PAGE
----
Honor Earth Day by resurrecting 'green' bond bill


POSTED: Thursday, April 22, 2010

What seemed like imminent creation of a program to vitalize Hawaii's economy while helping homeowners pay for solar energy should have been celebrated today on the 40th anniversary of Earth Day, but state legislators have backed away. Success with similar programs on the mainland in avoiding feared mortgage complications should resurrect the bill in the Legislature's closing days.

The measure to provide state bond financing to homeowners wanting to install rooftop solar panels, solar hot water heaters and energy-efficient appliances received broad support before legislative committees. Bonds to finance the solar additions would be paid off through payment of property tax bills.

Environmentalists and the Lingle administration joined in encouraging enactment of the bill, a major step to expand clean energy and provide an economic stimulus for the state.

However, after both the House and Senate approved versions of the bill, leaders are set to kill it before tomorrow's deadline for legislation to advance to a final vote.

Rep. Hermina Morita, chairwoman of the House Energy and Environmental Protection Committee, said “;lots of unsolved issues”; have caused its death.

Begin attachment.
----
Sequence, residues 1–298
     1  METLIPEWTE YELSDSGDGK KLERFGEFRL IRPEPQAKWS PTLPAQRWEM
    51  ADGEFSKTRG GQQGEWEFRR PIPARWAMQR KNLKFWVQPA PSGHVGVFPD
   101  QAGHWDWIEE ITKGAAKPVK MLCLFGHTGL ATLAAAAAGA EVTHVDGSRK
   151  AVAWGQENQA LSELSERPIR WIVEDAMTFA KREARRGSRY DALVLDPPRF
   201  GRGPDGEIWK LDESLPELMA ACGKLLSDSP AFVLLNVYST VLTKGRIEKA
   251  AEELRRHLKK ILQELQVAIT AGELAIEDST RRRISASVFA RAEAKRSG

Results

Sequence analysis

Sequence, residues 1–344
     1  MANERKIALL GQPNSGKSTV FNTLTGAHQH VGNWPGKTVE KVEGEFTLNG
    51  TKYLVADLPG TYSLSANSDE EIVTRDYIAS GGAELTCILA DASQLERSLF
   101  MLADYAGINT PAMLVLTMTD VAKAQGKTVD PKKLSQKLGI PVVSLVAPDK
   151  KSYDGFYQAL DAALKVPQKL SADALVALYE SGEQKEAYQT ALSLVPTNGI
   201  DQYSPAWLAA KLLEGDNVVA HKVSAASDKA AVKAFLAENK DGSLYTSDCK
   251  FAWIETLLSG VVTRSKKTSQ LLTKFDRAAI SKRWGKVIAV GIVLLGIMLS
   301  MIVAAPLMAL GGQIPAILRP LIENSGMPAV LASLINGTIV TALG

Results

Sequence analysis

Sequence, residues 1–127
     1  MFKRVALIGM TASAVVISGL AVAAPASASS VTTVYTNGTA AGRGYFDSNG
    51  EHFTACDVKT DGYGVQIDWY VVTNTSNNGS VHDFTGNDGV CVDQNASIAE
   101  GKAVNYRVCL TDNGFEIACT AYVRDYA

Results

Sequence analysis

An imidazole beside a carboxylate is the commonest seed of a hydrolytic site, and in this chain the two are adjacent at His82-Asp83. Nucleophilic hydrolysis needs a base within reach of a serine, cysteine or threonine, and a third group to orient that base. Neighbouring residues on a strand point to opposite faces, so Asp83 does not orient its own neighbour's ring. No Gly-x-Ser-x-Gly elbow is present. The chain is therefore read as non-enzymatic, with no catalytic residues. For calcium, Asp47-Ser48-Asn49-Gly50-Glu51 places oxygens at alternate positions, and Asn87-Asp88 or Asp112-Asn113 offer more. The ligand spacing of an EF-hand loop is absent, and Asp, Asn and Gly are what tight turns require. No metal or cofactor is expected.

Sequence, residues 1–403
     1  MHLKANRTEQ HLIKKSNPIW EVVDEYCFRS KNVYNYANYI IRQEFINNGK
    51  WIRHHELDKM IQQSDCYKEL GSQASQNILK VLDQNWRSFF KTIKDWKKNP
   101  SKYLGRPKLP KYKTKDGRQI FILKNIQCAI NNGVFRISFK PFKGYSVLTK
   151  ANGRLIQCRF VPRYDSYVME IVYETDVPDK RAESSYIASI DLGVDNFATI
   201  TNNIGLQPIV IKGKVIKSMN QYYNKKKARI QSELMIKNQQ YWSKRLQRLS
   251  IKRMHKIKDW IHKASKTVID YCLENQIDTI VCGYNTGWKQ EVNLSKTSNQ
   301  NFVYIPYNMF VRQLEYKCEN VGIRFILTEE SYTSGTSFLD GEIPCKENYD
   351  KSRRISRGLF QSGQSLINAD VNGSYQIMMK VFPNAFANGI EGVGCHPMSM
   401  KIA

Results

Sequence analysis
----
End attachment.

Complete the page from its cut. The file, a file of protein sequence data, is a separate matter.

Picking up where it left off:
Morita blamed disputes over types of bonds to be issued, the program's administration and the possibility of energy loan liens supplanting main mortgage liens. Her committee should have sought answers to those questions during hearings. Instead, Morita appears to have succumbed to last-minute opposition by the Mortgage Bankers Association of Hawaii, which submitted no testimony in the February and March hearings.

Several counties expressed concern about mortgage issues during the hearings but legislators apparently were satisfied that potential problems had been handled successfully in 16 other states that have property-assessed, clean-energy bond financing or loan programs.

Those concerns were addressed in testimony by Theodore E. Liu, Gov. Linda Lingle's director of business, economic development and tourism. He pointed out that municipalities have used public financing for improvements in the public interest for more than a century.

In Sonoma County, Calif., Liu said, the program “;actually created value for the mortgage lending and real estate industries”; because the solar additions raised property values. He added that homeowners participating in the program must meet strict guidelines, including not having been delinquent in mortgage payments and taxes.

Responding to a special interest, Morita now talks about the Legislature ordering a study of the issue. That means either that legislative leaders failed to use the committee hearing process to ask the tough questions — answerable though they were — or could not bear to allow a Republican administration in its last year to be credited for a major environmental initiative. In either case, property owners and Hawaii's economy are left waiting.